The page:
Yes, he hangs out in Chinatown. Yes, his parents were traditional Asian parents who didn’t, at first, support his now lucrative career. And you know what? He even folds origami, dammit.
But for 21-year-old rapper Jin, the media’s focus on his nationality has almost become a burden.
“They ask me the same questions. Everybody wants to know,” says a noticeably irritated Jin, whose full name is Jin Au-Yeung. “I think I’m going to do one big press release that answers all of that. It’ll be like, ‘Newsflash: Jin is Chinese, and no, he’s not the Asian Eminem, and yes, his parents didn’t support him at first.…’”
The son of Chinese immigrants, Jin was born and raised in Miami, Florida. After discovering his passion for hip-hop and battling “everywhere possible,” he decided to follow a dream in 2001 and move to New York to pursue it as a career.
"To an extent, I feel like I’m representing for certain individuals who hate me, or don’t want to see me succeed. "
“Actually, my parents weren’t as strict as I recall a lot of my friends’ or cousins’ relatives being,” he says. “They were open-minded to an extent, [although] not so much open-minded when I told them I wasn’t going to college and I was going to be a rapper. That wasn’t good news.”
While initially skeptical, Jin’s parents did eventually relent, and accepted his move to New York to become a rapper. The determining factor, Jin explains, was when he started winning $1000 cash prizes at various emcee battles he attended.
“I’d be coming home with like a thousand dollars [worth] of 20s. I had footage [too] and I’d be showing them footage. They speak English, but not to the extent where they can understand what I’m saying in a rhyme. I would explain to them how it works, translate it to them – loosely – what I said to them and what they said to me, and [my parents] were like, ‘Oh shit, you’re good! Wow, this really requires some sort of talent,’ you know?”
Ironically enough, Jin says that the bulk of race-based criticism he receives is from other Asians.
“I encounter all different types of ethnicities who for the most part are like, ‘Yo Jin, you killed it on [BET’s] 106 & Park. I’m feeling what you’re doing,’ and when I do encounter the negative, it be other Asians,” he says, with a ring of perplexity in his voice.
“Maybe they rap too, and maybe they feel that they should be the one in my position. One thing I’ve realized lately is that I don’t think people really realize the position I’m in and really how difficult it is. On top of the music industry and rap, and all of that [already] being a hard business to be in, I’ve got to deal with the extra stuff like that criticism and the non-believers. To an extent, I feel like I’m representing for certain individuals who hate me, or don’t want to see me succeed.”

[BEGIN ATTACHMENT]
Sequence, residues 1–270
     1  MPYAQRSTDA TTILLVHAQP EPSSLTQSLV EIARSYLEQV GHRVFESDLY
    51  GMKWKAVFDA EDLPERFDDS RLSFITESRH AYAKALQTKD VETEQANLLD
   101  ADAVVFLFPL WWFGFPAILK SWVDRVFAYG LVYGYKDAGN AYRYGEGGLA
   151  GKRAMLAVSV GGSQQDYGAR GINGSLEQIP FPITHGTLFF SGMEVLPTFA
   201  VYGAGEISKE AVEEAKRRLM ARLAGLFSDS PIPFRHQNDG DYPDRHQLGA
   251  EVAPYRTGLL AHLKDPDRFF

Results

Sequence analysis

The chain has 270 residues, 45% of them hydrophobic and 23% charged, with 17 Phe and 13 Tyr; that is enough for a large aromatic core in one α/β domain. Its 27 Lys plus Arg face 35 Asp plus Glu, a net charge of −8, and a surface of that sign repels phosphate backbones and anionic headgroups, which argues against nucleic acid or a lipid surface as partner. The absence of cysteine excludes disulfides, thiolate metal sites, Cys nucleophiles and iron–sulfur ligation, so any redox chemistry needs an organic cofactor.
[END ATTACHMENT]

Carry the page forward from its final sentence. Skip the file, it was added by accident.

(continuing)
If that is the case, the haters are going to be miffed because Jin is succeeding. To date, he’s won countless emcee battles on 106 & Park; joined the prominent Ruff Ryders label; made his acting debut in last year’s 2 Fast 2 Furious alongside Ludacris, Tyrese and Paul Walker; and has been featured in Vibe, Elle Girl, Rolling Stone, and The New York Times. All this and he still hasn’t even released his debut album yet.
Currently, the video for his first single, “Learn Chinese,” can be seen on MTV and BET. The video is a fusion of both his Asian heritage and modern-day rap: It features an intricate storyline, weaving together fight scenes reminiscent of classic kung-fu flicks with a mess of the token hot chicks found in most rap videos today.
While Jin claims he wants credit for being “an emcee” as apposed to “an Asian emcee,” you can’t help but point out that he seems to be perpetuating the cycle himself. With song titles like “Learn Chinese” and “Asian Girls,” it’s expected that the media is going to talk about it.
“This is an overgeneralization, but can’t Asian rappers rap about anything besides being Asian?” asks one critic at New York-based hip-hop site Diesel Nation. “I’m sure there are a lot more to these people than being Asian, but I can’t see it in their lyrics. I may not be looking hard enough, though.”
Another critic begs to differ. “If you replaced all the Asian people in the video with African-Americans… you wouldn’t notice a thing,” he points out. “It is a typical rap video: glamorous people looking good in front of the camera. For me, the big problem is not Jin. The problem is that people still see non-blacks as a novelty in rap music, yet the vast majority of the hip-hop scene is very diverse, and white, Latino and Asian artists have been playing a huge role in the development of the genre since the late 1980s.”
Jin’s reply is that he is simply proud of who he is, and chooses to express that in his music and is not using his ethnicity as a gimmick or a crutch.
“Hopefully through the music and the album I will accomplish more and that label will go away,” he says optimistically. “I know it’s not something that’s going to go away overnight, because that’s the fascination right now. That’s just how the media is, so I’m not surprised.”
His debut album, The Rest Is History, is scheduled for release on March 23rd on Ruff Ryders. It features production by Wyclef, Swizz Beats, Kanye West, Bink, and several Ruff Ryder producers such as Elite, Devone and Neo.
Touching on another Asian stereotype, is Jin any good at math?
“The only numbers I want to see are SoundScan numbers and how I do in the first week,” he says with a laugh.
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